Acquired Immune Deficiency Syndrome (AIDS) is caused by the Human Immunodeficiency Virus (HIV). "The virus was discovered in France in 1983 and in the United States in 1984. In the United States, it was initially identified in 1981. In 1986, a second virus, now called HIV-2, was also discovered in Africa.(Bookshelves)" Female prostitutes in Africa probably spread it very quickly. AIDS became a huge crisis of major proportions in parts of Africa. It has become the worst plague this species has ever known. AIDS is transmitted in one of three ways: From intimate sexual without protection, from the mi of a person s blood with infected blood, and from an infected pregnant woman to her fetus. Infection can occur from blood transfusions of infected blood, or sharing unclean needles. (Needles already used, in this case, by an
HIV positive person and not sterilized.) The HIV-2 virus also causes AIDS.
AIDS was first seen as a disease limited gay males in the United States. "This was a result that gay males in this culture before AIDS had an average of 200 to 400 new sexual s per year. This figure was much greater than the new sexual encounters among heterosexual (straight) men or
women. (Strack,5)" In addition, it turned out that rectal sex was a particularly effective way to transmit the disease. Rectal sex is a common practice among gay males. For these reasons, the disease spread in the gay male population of the United States more quickly than in other populations. It became to be thought of as a "gay disease". As the AIDS epidemic began to affect increasingly large fractions of those two populations (gay males and IV drug abusers), many of the rest of the American society looked on smugly, for both populations tended to be despised
by the "mainstream" of society here. It is extremely important for scientists to find a cure for AIDS.
It is important because mostly everyone in the world has sex. The
safest option regarding AIDS and sex is total abstinence from all sexual . For those who
prefer to indulge in sexual , this is often far too great a sacrifice.
The development of a safe and effective vaccine to prevent HIV infection is among the highest
priorities for the AIDS research effort. Yet, vaccine research historically has received less
funding and attention than other areas of AIDS research. Although this may have been justifiable in
the past, the continued spread of the HIV epidemic and recent advances in our knowledge dictate a
reassessment of priorities and a restructuring of the vaccine initiative. In many developing nations, vaccines may be the only cost-effective way to prevent transmission and control the pathological consequences of HIV infection. Despite the urgent need, efforts to develop an HIV vaccine candidate that is likely to be highly effective have been unsuccessful to date. These efforts have been impeded by the lack of a good animal model for HIV challenge studies and our failure to identify specific correlates of immune protection, as well as other factors. However, dissection of
immune responses from animals protected by vaccination or studies of individual humans who appear able to control HIV replication and possibly resist infection may provide new insights for vaccine development. While the course and time to an effective AIDS vaccine cannot be predicted, there can be no question of the importance of the effort. "The results of a comprehensive HIV/AIDS poll conducted by the Kaiser Foundation found that Americans not only refute the notion of an end to AIDS, but they support an increase in research funding, effective prevention efforts and better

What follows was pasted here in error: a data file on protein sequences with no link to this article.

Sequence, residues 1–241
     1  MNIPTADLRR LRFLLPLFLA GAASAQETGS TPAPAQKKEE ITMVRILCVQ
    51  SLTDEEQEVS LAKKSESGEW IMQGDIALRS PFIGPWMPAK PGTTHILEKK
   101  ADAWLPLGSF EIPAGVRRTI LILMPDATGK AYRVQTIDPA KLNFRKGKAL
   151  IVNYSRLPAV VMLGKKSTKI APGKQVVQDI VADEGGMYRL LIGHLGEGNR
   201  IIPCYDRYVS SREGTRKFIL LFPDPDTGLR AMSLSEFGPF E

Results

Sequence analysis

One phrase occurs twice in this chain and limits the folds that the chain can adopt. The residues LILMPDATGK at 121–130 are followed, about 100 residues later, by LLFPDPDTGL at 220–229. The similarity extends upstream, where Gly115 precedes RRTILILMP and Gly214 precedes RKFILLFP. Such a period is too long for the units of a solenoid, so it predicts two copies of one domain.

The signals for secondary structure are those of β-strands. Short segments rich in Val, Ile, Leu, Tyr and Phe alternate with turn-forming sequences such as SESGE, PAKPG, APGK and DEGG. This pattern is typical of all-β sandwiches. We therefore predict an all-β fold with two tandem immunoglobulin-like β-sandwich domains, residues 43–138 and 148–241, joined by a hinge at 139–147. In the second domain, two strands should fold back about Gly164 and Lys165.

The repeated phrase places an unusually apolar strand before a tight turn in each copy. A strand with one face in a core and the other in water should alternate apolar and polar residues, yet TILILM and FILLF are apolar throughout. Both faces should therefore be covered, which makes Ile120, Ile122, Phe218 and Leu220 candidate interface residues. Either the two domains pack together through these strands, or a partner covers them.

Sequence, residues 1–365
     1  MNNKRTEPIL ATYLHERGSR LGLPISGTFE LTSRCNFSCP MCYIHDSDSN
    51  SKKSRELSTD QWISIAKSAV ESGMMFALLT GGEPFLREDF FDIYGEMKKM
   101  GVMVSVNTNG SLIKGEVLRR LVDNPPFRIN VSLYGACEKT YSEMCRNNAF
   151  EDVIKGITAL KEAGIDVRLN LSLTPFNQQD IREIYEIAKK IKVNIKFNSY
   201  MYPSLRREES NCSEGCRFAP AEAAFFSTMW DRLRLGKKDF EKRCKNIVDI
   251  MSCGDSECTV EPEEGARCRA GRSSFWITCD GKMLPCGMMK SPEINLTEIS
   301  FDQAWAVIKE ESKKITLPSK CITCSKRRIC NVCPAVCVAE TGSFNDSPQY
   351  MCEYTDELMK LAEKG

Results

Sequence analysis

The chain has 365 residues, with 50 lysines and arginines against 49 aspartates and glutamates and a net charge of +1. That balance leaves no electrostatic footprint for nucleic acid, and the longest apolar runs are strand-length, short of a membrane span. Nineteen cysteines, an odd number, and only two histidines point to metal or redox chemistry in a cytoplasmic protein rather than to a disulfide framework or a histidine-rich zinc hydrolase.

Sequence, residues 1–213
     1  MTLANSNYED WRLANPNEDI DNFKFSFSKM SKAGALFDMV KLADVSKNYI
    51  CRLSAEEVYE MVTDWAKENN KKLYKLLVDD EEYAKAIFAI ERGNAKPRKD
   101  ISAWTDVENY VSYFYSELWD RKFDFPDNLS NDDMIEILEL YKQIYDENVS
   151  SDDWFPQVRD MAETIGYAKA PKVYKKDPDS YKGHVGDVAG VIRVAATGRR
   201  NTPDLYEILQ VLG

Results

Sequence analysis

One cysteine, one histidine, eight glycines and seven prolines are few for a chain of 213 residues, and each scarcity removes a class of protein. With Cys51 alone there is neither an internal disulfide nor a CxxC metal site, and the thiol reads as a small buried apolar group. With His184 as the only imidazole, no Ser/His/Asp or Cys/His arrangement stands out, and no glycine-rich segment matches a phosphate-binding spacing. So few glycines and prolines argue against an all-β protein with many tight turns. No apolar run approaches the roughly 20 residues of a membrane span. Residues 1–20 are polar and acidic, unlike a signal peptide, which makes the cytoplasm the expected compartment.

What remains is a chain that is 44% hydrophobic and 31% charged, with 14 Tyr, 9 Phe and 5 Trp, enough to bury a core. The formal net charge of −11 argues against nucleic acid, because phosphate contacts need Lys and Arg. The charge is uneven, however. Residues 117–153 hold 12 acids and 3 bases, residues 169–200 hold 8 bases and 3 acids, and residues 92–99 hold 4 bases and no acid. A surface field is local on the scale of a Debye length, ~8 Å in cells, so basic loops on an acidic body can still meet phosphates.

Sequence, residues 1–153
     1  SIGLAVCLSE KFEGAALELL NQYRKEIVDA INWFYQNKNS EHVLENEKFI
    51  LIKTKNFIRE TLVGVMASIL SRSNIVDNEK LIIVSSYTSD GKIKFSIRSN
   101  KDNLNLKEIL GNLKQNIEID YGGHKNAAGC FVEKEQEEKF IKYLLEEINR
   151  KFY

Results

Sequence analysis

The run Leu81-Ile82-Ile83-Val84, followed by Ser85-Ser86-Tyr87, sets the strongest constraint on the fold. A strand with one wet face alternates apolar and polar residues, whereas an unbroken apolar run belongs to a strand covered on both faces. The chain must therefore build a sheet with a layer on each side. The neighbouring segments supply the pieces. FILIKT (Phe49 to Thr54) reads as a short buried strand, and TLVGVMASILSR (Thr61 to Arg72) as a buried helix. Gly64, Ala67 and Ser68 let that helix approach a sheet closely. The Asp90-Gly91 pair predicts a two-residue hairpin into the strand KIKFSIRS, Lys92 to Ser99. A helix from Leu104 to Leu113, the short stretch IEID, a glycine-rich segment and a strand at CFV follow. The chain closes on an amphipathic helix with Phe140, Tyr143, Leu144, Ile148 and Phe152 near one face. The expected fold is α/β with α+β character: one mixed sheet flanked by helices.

availability of life-prolonging treatments. The poll also indicated overwhelming support (73 percent)
for ensuring that new life-prolonging drug treatments are made available to all HIV-positive
Americans, not just the wealthiest or best insured. For HIV prevention, Americans indicated
strong support including programs such as needle exchange (64 percent support) and television condom advertising (62 percent).(Strack,8)
"AIDS ranks near the bottom of the list of the top 10 mortal diseases and accounts for about 35,000 deaths annually. Heart disease claims 720,000 lives annually, and cancer kills 505,000. Yet the
federal government will spend more on AIDS than on heart disease ($828 million) and cancer ($2.4 billion). (Strack,12)" AIDS funding generally is allocated according to the numbers of people who ever have contracted AIDS including those already have died not those currently diagnosed with HIV. Three recent reports on AIDS research funding, including a major effort by 100 scientists and advocates to be released, stated "that a large proportion of the $1.3 billion spent by the National Institutes of Health in 1997 went to programs that have little or nothing to do with AIDS.(Encarta, 1996-97)" Many people feel that most of the funding for AIDS is wasted on protecting the confidentiality of people with AIDS. Some of the money for AIDS was used to help keep the individual health institutes in business and some was siphoned off to cover basic research that wasn't related to the AIDS battle. Many Americans know about how the AIDS money is spent and feels that since this injustice in occurs, money can be used in areas of science.
The AIDS virus is an epidemic that is proven to be around for a long time. Many people have lost their lives due to this disease. The disease effects both the rich and poor of society. It has made
society become very discriminate against people with AIDS. It has also escalated the hate of society towards the homosexual group of our culture. Many people have lived in fear because of it with hopes that no one will find out they have the disease. By increasing government spending on AIDS treatments and vaccines will be invented to help fight this disease.